If you are doing any sort of object-oriented development, you’re bound to reach a point where the number of objects in your codebase is greater than the amount you can keep in your head. Eventually, you will have so many different types of objects (services, managers, service-manager-helpers, etc.) that it gets hard to remember what they all do.
## Managers and Services and Monitors, Oh My!
Keeping track of the roles and responsibilities of each class can be difficult, especially if your team does not have naming conventions in place. Is it the **Manager** that has access to the database, or the **Repository**? Does this **Service** need to worry about observing a lifecycle event, or is there some **Monitor** that it can use?
Without a clear understanding of what each class is responsible for, it can be difficult to write clear unit tests for these classes.
## It’s Not That Bad…Is It?
There are plenty of design patterns that can help with this problem. Once you’ve been on a project long enough, you will eventually understand the division of responsibilities between its various objects.
The intricacies about classes will eventually become clear, but what about new team members?
When new people join your team, how do you plan to teach them about these conventions? In order for them to make meaningful contributions, they will need an understanding of the different objects and their specific responsibilities. Sure, you could point them to resources about the [Strategy pattern](https://en.wikipedia.org/wiki/Strategy_pattern) or the [Factory method pattern](https://en.wikipedia.org/wiki/Factory_method_pattern), but that won’t necessarily help them understand what needs to change in order to add a feature to the project.
In these types of situations, I’ve found that it’s best to draw a diagram.
## Diagram All the Things!
I recently began pairing with a developer who is new to our project. Before we started writing any code, I gauged his understanding of the feature we were working on. This helped me figure out where to focus when describing the different parts of the codebase that we needed to update.
I decided to draw a quick flow chart on an index card to illustrate my description.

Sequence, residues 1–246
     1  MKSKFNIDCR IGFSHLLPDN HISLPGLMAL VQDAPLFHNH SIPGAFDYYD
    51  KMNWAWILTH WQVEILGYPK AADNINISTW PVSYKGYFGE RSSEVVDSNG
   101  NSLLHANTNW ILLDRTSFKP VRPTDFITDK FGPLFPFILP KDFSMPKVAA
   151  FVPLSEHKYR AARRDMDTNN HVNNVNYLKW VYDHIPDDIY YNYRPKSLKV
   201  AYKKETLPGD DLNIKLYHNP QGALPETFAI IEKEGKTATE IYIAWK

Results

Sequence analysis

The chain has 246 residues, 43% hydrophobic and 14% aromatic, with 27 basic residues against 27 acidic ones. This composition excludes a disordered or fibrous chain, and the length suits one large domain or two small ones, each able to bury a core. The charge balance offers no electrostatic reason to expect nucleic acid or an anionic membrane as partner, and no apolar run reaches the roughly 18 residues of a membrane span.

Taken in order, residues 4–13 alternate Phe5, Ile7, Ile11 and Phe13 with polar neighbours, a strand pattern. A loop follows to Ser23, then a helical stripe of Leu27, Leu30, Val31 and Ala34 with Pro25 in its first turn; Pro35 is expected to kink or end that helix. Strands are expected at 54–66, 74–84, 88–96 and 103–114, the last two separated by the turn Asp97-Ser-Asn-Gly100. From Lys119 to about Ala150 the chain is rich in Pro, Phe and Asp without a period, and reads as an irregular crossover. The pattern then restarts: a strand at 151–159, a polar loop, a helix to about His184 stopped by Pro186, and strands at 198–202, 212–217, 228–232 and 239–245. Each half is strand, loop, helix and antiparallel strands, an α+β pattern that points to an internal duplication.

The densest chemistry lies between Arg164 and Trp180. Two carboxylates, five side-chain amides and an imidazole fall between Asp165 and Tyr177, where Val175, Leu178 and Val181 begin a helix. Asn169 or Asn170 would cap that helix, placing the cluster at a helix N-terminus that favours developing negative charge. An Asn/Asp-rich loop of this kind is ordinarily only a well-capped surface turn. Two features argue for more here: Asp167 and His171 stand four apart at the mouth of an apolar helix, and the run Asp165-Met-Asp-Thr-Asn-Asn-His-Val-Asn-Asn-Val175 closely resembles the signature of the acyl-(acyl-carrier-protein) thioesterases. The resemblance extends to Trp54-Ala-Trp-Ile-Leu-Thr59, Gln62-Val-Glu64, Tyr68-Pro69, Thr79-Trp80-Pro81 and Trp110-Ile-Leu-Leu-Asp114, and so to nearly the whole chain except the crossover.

Let’s break down this diagram:
|Monitor||Responsible for observing notifications or lifecycle events and notifying the manager that it happened|
|Manager||Responds to the call from the Monitor and asks the WebService to send or retrieve some data, but doesn’t care how it gets done. It’s also responsible for taking any data retrieved from the WebService and passing it along to the Repository.|
|WebService||Responds to the call from the Manager and sends network requests to “The Cloud” (API). If the network request retrieves data, it will send it back to the Manager to continue processing.|
|Repository||Responds to the call from the Manager and is responsible for reading/writing records to the database. The “R” on the database indicates that it’s a Realm database in the client.|
Highlighting each of the objects helped make their responsibilities clear, so testing the classes became simple and straightforward. These levels of abstraction allowed us to easily mock dependencies as needed to test different branches of execution.
At any given point during our work on this feature, we could refer to this diagram to see what still needed to be completed. It gave us a shared understanding of the system architecture, and it made the pairing process quite efficient. Even after the feature is done, the diagram can be useful as documentation, perhaps with a slightly higher fidelity.
I found the process of creating a diagram that highlights the responsibilities of the different parts of a system very helpful, and I plan on continuing this practice moving forward.
What sorts of onboarding strategies do you use to help new team members learn about your codebase?